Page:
For example, if your application is running on a single core VM using two threads, the CPU can switch between the two threads to achieve efficiency. While one thread is waiting on a disk I/O to complete, the CPU can switch to the other thread. In this way, two threads can accomplish more than a single thread would. If the VM has more than one core, it further decreases running time because each core can run tasks in parallel.
You might not be able to change the way an off-the-shelf application implements single threading or multithreading. For example, SQL Server is capable of handling multi-CPU and multicore. However, SQL Server decides under what conditions it uses one or more threads to process a query. It can run queries and build indexes by using multithreading. For a query that involves joining large tables and sorting data before returning to the user, SQL Server likely uses multiple threads. A user can't control whether SQL Server runs a query by using a single thread or multiple threads.
There are configuration settings that you can alter to influence the multithreading or parallel processing of an application. For example, for SQL Server it's the
max degree of parallelism configuration. This setting called MAXDOP allows you to configure the maximum number of processors SQL Server can use when parallel processing. You can configure MAXDOP for individual queries or index operations. This capability is beneficial when you want to balance resources of your system for a performance critical application.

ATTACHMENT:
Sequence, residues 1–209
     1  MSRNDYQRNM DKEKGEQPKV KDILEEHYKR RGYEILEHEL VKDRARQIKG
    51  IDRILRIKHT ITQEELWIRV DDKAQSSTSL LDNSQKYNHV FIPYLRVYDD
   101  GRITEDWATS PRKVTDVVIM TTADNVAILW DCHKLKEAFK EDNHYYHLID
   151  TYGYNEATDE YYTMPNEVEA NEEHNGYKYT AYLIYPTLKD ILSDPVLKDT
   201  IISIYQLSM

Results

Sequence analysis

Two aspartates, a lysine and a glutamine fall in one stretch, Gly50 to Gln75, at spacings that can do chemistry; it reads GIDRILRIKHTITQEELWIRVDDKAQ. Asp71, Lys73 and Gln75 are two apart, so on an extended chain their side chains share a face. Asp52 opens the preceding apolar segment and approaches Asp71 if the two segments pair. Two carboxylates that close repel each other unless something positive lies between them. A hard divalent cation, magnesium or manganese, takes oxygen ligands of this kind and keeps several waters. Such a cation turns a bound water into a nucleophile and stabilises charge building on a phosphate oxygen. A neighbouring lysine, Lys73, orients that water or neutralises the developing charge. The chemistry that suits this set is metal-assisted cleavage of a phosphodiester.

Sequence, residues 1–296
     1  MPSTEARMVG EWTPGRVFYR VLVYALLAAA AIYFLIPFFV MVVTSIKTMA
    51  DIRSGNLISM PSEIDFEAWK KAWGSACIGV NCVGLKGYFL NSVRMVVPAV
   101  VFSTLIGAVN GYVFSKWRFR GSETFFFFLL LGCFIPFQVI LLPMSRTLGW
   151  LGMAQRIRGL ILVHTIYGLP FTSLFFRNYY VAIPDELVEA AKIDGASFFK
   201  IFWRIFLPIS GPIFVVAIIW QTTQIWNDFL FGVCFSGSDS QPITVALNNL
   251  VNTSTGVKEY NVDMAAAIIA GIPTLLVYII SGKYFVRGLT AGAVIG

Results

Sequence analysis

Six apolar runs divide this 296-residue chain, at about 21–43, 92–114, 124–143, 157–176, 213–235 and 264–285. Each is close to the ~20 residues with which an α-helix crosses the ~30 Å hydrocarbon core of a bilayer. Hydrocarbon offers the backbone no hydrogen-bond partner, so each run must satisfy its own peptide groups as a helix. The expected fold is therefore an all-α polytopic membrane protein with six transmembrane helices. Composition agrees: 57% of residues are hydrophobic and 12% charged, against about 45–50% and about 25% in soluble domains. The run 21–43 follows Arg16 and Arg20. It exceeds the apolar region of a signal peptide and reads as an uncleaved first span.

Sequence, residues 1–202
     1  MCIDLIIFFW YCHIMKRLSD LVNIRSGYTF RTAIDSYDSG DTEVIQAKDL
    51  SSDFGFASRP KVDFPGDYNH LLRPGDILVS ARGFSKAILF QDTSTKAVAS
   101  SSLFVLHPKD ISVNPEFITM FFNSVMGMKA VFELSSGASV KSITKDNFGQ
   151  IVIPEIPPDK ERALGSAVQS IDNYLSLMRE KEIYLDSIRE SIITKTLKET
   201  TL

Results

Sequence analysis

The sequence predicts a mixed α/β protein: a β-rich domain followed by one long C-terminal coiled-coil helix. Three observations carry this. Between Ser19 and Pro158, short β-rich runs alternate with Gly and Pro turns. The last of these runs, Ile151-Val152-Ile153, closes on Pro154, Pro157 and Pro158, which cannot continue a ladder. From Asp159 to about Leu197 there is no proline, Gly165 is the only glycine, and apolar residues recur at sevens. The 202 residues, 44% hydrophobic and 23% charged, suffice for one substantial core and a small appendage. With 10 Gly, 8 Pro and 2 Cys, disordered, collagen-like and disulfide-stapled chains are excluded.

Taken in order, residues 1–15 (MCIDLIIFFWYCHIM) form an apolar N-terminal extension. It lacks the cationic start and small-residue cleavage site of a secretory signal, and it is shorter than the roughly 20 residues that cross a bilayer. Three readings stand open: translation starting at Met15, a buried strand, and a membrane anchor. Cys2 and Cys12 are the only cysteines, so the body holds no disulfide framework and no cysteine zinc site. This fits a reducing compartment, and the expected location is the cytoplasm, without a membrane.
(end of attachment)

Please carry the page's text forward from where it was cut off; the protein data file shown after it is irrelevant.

For example, say your application that's using SQL Server is running a large query and an index operation at the same time. Let's assume that you wanted the index operation to be more performant compared to the large query. In such a case, you can set the MAXDOP value of the index operation to be higher than the MAXDOP value for the query. This way, SQL Server has more processors than it can use for the index operation compared to the number of processors it can dedicate to the large query. Remember, you don't control the number of threads that SQL Server uses for each operation. You can control the maximum number of processors being dedicated for multithreading.
Learn more about degrees of parallelism in SQL Server. Find out how such settings influence multithreading in your application and their configurations to optimize performance.